Oppose Any Foe
The Rise of America’s Special Operations Forces
Basic Books, New York, 2016, 432 pages
Book Review published on: June 30, 2017
Mark Moyar, author and director of the Center for Military and Diplomatic History in Washington, D.C., has delivered another outstanding book with Oppose Any Foe: The Rise of America’s Special Operations Forces. This book examines America’s most elite warriors: the special operations forces (SOF). While SOF have served with distinction since colonial America, Moyar’s focus begins with the Army’s establishment of the 1st Ranger Battalion in 1942 and records the evolution of SOF to their present place of prominence.
Oppose Any Foe goes behind the scenes in highlighting the extraordinary men who are the tip of the spear in taking the fight to any adversaries around the world. These men are a colorful cast, brimming with exceptional talent, courage, and selflessness.
SOF became instruments of partisan politics for a few presidents. President Lyndon Johnson used SOF to jab North Vietnam during the presidential campaign of 1964, when he wanted Vietnam to stay out of the newspapers. President Barack Obama sent SOF surreptitiously and in contravention of public promises that U.S. troops would not participate in combat, for what appeared as reasons of political self-interests.
Resistance to special operations by conventional forces is a common thread throughout SOF history. Moyar chronicles resistance by conventional forces commanders who disparaged elite forces as an unwise segregation of the Army’s top talent and resources. Recommendations to expand the Rangers during World War II provoked stiff resistance from a number of senior Army leaders, including Lt. Gen. Lesley J. McNair, who warned the diversion of high-quality officers to Ranger units would seriously handicap the selection and training of leaders who were so essential in the Army’s existing training program for the conventional forces. This view was not limited to the Army. Lt. Gen. Thomas Holcomb, Marine Corps commandant, stated that Marine Corps infantry battalions could do everything British Commando battalions could do. Marines were already elite so forming an elite within the elite would merely concentrate resources disproportionately in a few units and antagonize the rest.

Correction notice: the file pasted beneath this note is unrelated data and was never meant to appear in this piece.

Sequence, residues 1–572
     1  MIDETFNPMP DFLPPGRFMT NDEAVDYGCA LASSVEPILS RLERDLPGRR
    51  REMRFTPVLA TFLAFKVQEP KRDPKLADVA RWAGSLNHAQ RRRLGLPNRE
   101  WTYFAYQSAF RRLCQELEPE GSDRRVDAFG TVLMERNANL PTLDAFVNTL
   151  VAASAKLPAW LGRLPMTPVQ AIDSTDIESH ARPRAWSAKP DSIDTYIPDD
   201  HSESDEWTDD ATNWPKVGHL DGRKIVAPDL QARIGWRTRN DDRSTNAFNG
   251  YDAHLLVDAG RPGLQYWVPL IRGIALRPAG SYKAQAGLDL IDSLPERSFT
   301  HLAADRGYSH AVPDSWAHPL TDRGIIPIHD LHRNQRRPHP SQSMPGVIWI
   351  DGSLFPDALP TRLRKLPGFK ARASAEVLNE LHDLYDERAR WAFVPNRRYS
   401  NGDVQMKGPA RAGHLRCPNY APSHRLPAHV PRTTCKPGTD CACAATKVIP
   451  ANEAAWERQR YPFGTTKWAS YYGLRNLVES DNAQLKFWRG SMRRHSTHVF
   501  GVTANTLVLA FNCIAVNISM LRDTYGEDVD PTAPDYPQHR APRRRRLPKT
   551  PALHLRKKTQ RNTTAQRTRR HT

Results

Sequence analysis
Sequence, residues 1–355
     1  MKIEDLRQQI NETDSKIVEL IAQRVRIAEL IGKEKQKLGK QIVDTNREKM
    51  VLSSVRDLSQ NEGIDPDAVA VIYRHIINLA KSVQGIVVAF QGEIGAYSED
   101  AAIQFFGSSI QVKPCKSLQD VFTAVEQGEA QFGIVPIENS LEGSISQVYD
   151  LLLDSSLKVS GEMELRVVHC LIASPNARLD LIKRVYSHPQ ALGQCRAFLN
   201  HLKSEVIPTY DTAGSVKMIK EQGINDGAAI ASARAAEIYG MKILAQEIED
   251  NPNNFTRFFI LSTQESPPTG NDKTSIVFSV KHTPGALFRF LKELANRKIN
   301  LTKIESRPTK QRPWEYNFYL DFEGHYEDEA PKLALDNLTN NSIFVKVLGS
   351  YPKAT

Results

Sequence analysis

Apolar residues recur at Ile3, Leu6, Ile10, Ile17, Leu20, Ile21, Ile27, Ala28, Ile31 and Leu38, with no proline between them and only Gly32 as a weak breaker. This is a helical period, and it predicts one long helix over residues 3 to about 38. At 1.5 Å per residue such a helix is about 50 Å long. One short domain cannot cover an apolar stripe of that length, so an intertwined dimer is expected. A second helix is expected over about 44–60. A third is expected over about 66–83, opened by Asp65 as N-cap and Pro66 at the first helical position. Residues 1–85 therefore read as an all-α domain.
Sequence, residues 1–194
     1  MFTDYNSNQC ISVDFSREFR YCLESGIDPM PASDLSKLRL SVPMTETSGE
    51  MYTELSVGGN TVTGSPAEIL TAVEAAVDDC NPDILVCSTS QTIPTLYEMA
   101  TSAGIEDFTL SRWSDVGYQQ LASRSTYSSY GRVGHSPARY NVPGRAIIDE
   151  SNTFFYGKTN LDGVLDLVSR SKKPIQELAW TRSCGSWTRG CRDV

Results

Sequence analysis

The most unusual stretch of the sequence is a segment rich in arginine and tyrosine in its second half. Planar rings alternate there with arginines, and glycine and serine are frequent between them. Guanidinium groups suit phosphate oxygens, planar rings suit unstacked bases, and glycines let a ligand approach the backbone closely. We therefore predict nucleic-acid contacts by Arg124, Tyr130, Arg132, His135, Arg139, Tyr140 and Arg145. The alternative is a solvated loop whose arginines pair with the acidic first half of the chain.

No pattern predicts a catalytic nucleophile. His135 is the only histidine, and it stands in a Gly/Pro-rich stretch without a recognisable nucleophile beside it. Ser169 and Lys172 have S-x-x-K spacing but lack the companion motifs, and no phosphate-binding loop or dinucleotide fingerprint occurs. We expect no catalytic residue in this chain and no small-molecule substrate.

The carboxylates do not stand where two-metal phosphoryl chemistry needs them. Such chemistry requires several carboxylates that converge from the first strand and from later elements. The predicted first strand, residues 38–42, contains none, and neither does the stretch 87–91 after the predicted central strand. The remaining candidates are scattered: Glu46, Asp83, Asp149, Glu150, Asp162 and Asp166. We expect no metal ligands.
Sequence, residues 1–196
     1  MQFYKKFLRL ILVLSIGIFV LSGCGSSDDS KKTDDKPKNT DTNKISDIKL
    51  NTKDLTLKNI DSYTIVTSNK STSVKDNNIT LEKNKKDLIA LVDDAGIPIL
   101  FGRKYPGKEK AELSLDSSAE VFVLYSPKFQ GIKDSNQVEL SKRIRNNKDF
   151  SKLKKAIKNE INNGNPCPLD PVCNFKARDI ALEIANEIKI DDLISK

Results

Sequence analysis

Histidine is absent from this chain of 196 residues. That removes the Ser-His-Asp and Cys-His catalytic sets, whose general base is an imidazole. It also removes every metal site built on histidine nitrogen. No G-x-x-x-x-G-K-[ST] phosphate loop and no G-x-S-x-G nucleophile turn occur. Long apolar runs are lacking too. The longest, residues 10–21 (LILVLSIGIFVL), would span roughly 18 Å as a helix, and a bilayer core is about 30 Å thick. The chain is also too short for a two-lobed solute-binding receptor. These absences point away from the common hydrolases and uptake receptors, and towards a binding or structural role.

Oppose Any Foe spares no feelings in shedding light on the skeletons in the SOF closet. Skeletons include the roguish behavior of Navy SEAL Cdr. Richard Marcinko, and how Adm. William McRaven’s vision for expanding the United States Special Operations Command ran afoul of Congress. Moyar is candid in chronicling the few times of failure. For example, he recounts the disaster when the entire 6615th Ranger Task Force (Provisional) was destroyed 31 January 1944 at Cisterna, Italy. He describes the numerous failed attempts d to infiltrate highly trained teams into North Korea during the Korean War and into North Vietnam during the Vietnam War to conduct partisan operations.
Oppose Any Foe may be the most in-depth examination of American SOF published to date. In a nation where the military is the most popular institution, Moyar illustrates why America’s SOF have become the most popular members of the military. It is essential reading for those interested in special operations, and it provides a valuable resource to defense stakeholders at policy and practitioner levels.
Book Review written by: Jesse McIntyre III, Fort Leavenworth, Kansas